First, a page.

Spinning Sewage into Gold
A little electrochemical magic puts power where it’s needed.
Courtesy of Nick Fontaine
The Inland Empire Utilities Agency’s Regional Water Recycling Plant No. 1 sits next to a golf course 40 miles east of downtown Los Angeles. It’s been treating wastewater from the small city of Ontario and other nearby exurbs since 1948. The plant scoops up large objects and screens out sand and gravel for disposal in a landfill, then adds and removes chemicals and nutrients before the de-poopified water is used for irrigation or discharged into nearby Cucamonga Creek. It’s an unremarkable facility, like thousands of similar ones across the United States, doing the grunt work of modern life that most people would rather not think about.
It was unremarkable, that is, until last October. On a blustery Friday, the wastewater treatment facility hooked up to a new 2.8-megawatt stationary fuel cell power plant. That’s not a great deal of electricity—enough to supply about 2,000 homes—but it’s the largest fuel-cell plant making electricity from biogas in the United States, and it now provides 60 percent of the power that Plant No. 1 had been getting from the grid.
Fuel cells solved a number of problems for the agency, all of which point to why these “distributed generation” facilities should become a growing source of electricity. These power plants make clean electricity; they make it where it’s used, obviating the need for costly, ugly and wasteful transmission lines; and they reduce or eliminate dependence on an electrical grid susceptible to occasional failure.
The treatment plant produces a lot of solid organic waste from the 44 million gallons of wastewater it processes daily. There’s an anaerobic digester on site to consume some of that waste so IEUA doesn’t have to pay to landfill everything it pulls out of the sewage, but the bacteria in the digester produce another kind of waste: methane, a potent greenhouse gas. IEUA is under the authority of the South Coast Air Quality Management District, one of the strictest such agencies in the country. Plant managers knew that beginning in November, 2012, it would be also under California’s statewide emissions trading program, forcing it, for the first time, to pay for the carbon dioxide emissions from the electricity it gets from the grid.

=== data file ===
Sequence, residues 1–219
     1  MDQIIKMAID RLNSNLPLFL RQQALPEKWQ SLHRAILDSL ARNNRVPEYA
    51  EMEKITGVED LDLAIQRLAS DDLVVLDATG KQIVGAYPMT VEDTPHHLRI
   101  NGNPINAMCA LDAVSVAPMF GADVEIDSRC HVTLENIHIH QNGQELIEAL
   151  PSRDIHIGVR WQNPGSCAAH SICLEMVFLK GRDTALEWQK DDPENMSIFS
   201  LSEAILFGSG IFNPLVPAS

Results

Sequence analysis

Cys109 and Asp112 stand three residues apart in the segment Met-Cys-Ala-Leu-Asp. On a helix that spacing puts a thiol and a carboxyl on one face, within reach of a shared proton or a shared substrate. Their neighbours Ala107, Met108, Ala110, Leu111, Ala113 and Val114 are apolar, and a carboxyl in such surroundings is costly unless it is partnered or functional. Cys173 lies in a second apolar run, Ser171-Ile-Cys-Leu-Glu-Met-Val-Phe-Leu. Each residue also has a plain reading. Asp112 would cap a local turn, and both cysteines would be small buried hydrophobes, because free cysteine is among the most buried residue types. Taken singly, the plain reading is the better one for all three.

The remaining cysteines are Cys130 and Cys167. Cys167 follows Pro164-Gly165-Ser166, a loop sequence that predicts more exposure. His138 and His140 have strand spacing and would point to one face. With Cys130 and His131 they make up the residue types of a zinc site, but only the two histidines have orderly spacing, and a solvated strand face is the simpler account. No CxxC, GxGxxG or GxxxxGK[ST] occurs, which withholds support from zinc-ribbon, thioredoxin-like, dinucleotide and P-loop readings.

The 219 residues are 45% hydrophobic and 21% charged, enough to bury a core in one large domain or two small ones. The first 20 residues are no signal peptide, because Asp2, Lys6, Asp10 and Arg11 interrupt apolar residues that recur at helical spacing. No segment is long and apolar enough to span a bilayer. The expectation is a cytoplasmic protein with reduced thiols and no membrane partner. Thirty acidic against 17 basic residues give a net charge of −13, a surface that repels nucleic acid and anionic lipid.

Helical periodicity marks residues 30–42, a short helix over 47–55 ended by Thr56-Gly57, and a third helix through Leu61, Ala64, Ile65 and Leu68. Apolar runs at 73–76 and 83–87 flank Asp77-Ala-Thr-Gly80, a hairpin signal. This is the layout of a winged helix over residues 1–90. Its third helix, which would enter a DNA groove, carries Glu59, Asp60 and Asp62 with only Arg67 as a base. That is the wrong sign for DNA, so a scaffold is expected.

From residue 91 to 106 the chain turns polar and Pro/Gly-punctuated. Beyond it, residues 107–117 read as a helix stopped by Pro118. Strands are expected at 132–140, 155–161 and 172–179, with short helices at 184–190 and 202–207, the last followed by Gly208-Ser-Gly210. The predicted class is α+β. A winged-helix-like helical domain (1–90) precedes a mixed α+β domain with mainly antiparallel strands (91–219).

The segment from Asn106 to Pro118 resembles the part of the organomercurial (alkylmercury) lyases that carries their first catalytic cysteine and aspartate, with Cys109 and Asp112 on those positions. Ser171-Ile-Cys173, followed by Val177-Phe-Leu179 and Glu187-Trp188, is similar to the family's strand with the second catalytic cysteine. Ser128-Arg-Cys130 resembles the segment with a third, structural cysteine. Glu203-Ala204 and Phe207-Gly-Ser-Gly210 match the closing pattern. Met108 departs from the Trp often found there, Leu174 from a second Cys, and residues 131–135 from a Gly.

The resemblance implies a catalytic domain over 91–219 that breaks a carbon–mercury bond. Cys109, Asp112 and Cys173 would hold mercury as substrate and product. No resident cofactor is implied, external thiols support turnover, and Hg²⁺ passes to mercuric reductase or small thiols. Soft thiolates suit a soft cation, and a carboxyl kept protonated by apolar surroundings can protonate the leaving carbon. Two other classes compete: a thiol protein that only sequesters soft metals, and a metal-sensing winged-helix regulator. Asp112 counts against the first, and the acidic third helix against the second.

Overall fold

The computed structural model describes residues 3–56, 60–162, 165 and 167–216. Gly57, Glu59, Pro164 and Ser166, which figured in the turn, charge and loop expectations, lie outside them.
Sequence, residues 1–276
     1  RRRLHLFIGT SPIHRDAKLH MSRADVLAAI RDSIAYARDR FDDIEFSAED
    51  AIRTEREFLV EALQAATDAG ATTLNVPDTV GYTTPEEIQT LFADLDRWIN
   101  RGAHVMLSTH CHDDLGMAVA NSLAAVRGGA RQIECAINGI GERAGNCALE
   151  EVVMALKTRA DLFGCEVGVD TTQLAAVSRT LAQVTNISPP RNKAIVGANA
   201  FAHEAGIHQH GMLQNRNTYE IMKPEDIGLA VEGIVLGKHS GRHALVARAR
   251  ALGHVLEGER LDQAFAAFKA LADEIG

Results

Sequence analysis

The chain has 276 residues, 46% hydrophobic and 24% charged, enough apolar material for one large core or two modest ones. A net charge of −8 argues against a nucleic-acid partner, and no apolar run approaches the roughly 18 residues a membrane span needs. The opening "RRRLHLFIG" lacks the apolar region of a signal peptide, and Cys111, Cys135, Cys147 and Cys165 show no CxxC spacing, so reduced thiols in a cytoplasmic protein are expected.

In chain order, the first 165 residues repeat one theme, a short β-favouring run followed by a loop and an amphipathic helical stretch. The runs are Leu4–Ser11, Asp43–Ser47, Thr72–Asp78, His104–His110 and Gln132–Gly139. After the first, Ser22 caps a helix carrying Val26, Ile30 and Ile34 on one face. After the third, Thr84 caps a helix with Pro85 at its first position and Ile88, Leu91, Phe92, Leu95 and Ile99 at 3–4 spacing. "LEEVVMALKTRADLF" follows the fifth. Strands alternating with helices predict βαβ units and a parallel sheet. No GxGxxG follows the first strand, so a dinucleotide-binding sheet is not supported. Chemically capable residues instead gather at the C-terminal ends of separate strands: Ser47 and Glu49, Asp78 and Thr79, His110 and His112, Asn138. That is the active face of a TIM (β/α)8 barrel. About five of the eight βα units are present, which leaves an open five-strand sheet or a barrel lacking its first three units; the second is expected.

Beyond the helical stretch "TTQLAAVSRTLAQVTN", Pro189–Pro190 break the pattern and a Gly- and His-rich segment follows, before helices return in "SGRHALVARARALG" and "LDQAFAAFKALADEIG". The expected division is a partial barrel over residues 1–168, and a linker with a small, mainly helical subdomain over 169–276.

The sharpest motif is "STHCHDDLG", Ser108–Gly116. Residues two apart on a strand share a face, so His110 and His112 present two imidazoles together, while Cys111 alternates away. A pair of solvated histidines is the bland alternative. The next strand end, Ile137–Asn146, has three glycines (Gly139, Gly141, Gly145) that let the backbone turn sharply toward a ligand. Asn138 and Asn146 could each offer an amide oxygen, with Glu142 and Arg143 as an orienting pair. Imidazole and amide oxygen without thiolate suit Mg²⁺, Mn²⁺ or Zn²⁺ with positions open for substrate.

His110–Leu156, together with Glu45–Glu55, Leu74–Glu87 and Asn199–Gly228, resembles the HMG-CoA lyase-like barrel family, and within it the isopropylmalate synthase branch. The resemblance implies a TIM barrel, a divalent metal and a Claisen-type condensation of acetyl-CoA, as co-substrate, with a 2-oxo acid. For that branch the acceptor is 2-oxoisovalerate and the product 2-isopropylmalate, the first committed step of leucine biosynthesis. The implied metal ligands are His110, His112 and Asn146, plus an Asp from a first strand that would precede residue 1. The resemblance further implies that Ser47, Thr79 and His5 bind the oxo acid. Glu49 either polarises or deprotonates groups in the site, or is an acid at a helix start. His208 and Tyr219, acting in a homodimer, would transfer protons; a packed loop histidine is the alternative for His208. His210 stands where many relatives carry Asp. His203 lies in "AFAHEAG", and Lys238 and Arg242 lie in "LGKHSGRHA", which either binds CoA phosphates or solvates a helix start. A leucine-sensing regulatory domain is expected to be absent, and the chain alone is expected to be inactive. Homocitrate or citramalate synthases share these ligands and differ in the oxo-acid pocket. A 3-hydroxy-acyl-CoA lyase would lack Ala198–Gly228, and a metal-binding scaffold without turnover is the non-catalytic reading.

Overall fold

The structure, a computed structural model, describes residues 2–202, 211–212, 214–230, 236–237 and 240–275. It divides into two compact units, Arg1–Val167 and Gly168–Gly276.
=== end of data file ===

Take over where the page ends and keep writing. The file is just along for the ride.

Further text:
The fuel cells convert that liability into an asset by making electricity from the methane. Instead of burning it, as a natural gas-fueled power plant would, fuel cells complete a feat of electrochemical magic. The method was discovered almost two centuries ago but was made economical only a decade or so ago. The byproducts of the fuel cells’ activity are water and heat. The heat is fed back into the digester, keeping the bacteria at the cozy temperature that makes them happiest to eat sewage.
So: Waste from the treatment plant goes into digester, methane comes out, methane goes into fuel cell, electricity to run the treatment plant comes out, along with heat for the digester. It’s a closed-loop, carbon-neutral system supplying power and heat with virtually no greenhouse gas, particulate matter, or smog-forming chemicals. Three problems solved at once.
Initial cost to IEUA? Zero. Canada’s Anaergia Inc., using fuel cells supplied by Fuel Cell Energy Corp. of Connecticut, built the thing for free. Anaergia will get its money back over time by selling the electricity the power plant generates to IEUA.
Fuel cells have been around since 1839, when Sir William Grove reversed the known process by which an electric current splits water into hydrogen and oxygen. Grove hypothesized that if the two elements were instead combined, under the right circumstances, it would make electricity and water.
Fuel cells don’t produce much electricity on their own, so contemporary iterations pile them on top of one another. Each fuel cell is built like a sandwich; the “bread” is composed of two porous electrodes. One piece of bread produces electrons, the other consumes them. The job of the meat, cheese and vegetable layers of the sandwich is to move those electrons around the sandwich, creating the electrical circuit.
The most suitable type of fuel cell for a large generator can produce both heat and power, operate at a very high temperature, and run continuously. Plant No. 1 uses molten carbonate fuel cells with biogas as the source of hydrogen. Some of the heat and water byproduct is pulled off to make steam that’s combined with methane. The rest of the heat toasts the bacteria in the digester, or, in other applications, heats a building.
When Grove proved his hypothesis, coal was cheap and abundant, and nobody knew about the greenhouse effect, so demand for his invention was essentially nil. A hundred years later, the Hindenburg dirigible exploded over New Jersey, and combining the words “hydrogen” and “fuel” was, for a good long while, enough to blow up any business plan as surely as the Hindenburg.